Movie Review: “Drive Angry”


Movie Review: Drive AngryYou never quite know what to expect from a Nicolas Cage film, because the actor is so unpredictable. But when you’re dealing with a movie called “Drive Angry,” there are really only two possibilities: either it will just plain suck, or it will relish in its awfulness to the point of being so bad it’s good. The film certainly had the potential to count itself among that special class of cinematic contradiction (especially with the 3D component), but despite aiming to become a campy cult classic, “Drive Angry” fails at every turn. If nothing else, it’s a great lesson in how to make a really bad movie.

Cage stars as John Milton (no, not the “Paradise Lost” scribe, although that would have been cool), a vengeful father who breaks out of Hell in order to rescue his granddaughter from a satanic cult leader named Jonah King (Billy Burke). After murdering Milton’s daughter and kidnapping her child, King plans to sacrifice the baby during the next full moon in an attempt to bring about literal Hell on Earth. Though he’s no saint, Milton sees the baby as his last remaining connection to the living world, and convinces a feisty, small-town waitress (Amber Heard) to join him in getting her back. Satan has other plans, however, and has sent in his right-hand man (William Fichtner) to track Milton down and drag him back to Hell where he belongs.

Movie Review: Drive Angry

There’s a certain air of cockiness to “Drive Angry” that would like you to believe the film is cooler than it really is – dropping F-bombs like some kind of grindhouse badge of honor – and it shows in the writing and the characters, who walk and talk with a swagger they haven’t earned. Billy Burke’s cult leader, in particular, fancies himself a badass even though he never once proves it throughout the course of the movie, while Cage’s Milton is a little too calm considering he just broke out of Hell. Director Patrick Lussier tries to make up for it with some ridiculously over-the-top set pieces, but the only one that really works is a sequence ripped straight from “Shoot ‘Em Up” where Cage takes on a bunch of goons while having sex with a woman. But while that film managed to strike the right balance between silly and serious, “Drive Angry” is just silly.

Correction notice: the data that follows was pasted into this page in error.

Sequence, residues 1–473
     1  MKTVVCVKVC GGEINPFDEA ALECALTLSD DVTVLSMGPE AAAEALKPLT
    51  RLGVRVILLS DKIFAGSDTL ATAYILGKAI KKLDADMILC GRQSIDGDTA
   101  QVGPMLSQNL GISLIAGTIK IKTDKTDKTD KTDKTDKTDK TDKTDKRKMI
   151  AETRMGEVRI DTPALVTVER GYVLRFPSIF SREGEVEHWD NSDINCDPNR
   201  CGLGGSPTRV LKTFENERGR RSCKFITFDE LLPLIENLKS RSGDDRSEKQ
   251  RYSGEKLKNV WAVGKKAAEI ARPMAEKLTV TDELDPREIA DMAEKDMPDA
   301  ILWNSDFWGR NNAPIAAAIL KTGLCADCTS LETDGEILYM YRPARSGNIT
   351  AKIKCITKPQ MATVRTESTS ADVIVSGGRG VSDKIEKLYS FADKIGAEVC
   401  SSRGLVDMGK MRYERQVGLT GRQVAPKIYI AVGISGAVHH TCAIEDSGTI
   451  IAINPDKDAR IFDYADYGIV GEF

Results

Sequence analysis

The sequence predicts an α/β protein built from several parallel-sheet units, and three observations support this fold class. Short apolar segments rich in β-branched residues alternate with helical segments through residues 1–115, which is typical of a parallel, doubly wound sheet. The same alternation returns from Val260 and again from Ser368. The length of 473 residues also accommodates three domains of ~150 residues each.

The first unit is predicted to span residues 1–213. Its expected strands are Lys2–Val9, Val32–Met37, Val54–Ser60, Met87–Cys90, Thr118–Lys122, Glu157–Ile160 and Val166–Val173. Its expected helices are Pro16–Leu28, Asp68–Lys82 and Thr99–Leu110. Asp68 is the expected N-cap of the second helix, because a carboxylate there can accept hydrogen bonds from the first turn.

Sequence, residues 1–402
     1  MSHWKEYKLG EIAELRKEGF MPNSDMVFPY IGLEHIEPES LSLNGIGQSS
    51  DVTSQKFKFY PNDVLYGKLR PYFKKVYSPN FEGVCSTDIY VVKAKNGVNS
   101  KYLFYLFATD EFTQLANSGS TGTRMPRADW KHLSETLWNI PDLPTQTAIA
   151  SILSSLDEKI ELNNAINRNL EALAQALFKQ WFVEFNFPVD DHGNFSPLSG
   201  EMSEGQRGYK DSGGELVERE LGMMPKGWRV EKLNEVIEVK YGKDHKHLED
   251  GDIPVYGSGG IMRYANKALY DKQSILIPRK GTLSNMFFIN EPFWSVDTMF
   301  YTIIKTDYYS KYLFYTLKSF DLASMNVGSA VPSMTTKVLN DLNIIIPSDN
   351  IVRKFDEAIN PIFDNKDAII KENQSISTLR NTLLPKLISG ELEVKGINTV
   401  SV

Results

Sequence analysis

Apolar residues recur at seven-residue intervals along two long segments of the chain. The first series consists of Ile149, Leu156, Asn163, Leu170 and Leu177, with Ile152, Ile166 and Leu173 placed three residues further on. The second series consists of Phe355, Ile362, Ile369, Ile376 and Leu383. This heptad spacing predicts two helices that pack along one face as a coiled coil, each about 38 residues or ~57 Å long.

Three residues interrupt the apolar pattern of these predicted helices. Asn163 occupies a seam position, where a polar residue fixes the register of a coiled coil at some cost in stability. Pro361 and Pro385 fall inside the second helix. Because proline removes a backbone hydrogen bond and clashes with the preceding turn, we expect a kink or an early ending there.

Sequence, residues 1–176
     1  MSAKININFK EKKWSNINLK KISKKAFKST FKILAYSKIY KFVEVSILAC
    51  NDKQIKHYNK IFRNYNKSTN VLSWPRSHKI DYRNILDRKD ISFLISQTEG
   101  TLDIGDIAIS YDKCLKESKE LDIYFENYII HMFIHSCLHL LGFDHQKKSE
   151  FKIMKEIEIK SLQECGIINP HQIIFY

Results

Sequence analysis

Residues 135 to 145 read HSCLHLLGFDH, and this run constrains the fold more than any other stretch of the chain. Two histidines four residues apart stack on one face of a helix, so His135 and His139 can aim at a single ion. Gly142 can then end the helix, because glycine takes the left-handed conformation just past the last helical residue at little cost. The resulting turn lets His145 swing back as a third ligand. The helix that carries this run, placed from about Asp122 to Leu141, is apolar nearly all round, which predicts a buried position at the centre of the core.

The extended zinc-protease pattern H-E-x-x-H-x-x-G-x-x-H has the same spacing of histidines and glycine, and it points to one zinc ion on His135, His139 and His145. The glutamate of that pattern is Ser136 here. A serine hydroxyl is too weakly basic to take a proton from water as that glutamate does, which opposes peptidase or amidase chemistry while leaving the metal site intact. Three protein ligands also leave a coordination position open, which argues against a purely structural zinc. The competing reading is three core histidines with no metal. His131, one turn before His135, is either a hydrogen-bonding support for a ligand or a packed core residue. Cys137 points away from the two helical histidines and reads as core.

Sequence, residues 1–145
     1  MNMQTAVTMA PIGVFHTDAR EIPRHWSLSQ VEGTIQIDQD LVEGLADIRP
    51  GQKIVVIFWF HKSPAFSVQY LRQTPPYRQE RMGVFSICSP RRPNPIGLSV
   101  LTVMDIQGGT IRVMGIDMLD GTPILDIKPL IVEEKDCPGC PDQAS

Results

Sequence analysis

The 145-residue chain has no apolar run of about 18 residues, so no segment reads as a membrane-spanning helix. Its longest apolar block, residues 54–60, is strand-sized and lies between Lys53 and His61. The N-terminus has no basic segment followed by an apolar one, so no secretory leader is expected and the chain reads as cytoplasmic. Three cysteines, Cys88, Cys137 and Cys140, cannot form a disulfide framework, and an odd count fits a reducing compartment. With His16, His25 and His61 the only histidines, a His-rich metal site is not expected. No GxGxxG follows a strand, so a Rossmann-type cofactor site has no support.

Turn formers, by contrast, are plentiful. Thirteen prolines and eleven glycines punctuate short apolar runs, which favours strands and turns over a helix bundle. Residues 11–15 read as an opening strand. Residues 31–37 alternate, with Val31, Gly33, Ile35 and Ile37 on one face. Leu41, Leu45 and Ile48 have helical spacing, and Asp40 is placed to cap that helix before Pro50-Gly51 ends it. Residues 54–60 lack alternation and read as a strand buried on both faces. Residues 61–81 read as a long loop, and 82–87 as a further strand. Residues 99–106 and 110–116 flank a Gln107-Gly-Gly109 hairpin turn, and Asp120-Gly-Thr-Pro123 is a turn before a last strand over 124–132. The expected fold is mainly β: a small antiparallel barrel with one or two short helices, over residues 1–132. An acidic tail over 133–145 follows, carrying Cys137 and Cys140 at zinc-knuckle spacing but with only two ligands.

It’s also sorely lacking in cool car sequences for a movie that holds classic American muscle cars in such high regard, and though a big part of the film’s ad campaign has been centered around the fact that it was shot in 3D, you wouldn’t know the difference unless you were told beforehand. The 3D is almost non-existent except for a handful of gimmicky sequences, and even then it’s out of focus. William Fichtner is the sole bright spot as the comically deadpan demon sent to deal with Milton, but he goes missing for most of the second act, leaving Cage to fend for himself alongside the usually vacant Amber Heard. This is a movie that really could have benefited from one of his trademark wacky performances, but instead, he’s dreadfully subdued, making the events all the more dull as he spouts out line after line of bad dialogue. It was a disaster just waiting to happen, but the least Lussier could have done was make it an entertaining disaster.

1.5/5 Stars
Starring: Nicolas Cage, Amber Heard, William Fichtner, Billy Burke, David Morse
Director: Patrick Lussier

Special Edition Blu-ray Review:

The Blu-ray release of “Drive Angry” is a bit of a mixed bag. Though the interactive “Access: Drive Angry” feature – which not only tracks the havoc that Milton wreaks throughout the film, but also includes cast and crew interviews and pop-up trivia – is pretty entertaining, the other extras are a complete waste of time. The included audio commentary by director/co-writer Patrick Lussier and co-writer Todd Farmer is ruined by the fact that Lussier has a bad case of laryngitis (seriously, they couldn’t reschedule?), while the included deleted scenes leave much to be desired. Not that we’re surprised.


About Author

In addition to writing for, Jason is a proud member of the Columbus Film Critics Association (COFCA) and the Online Film Critics Society (OFCS).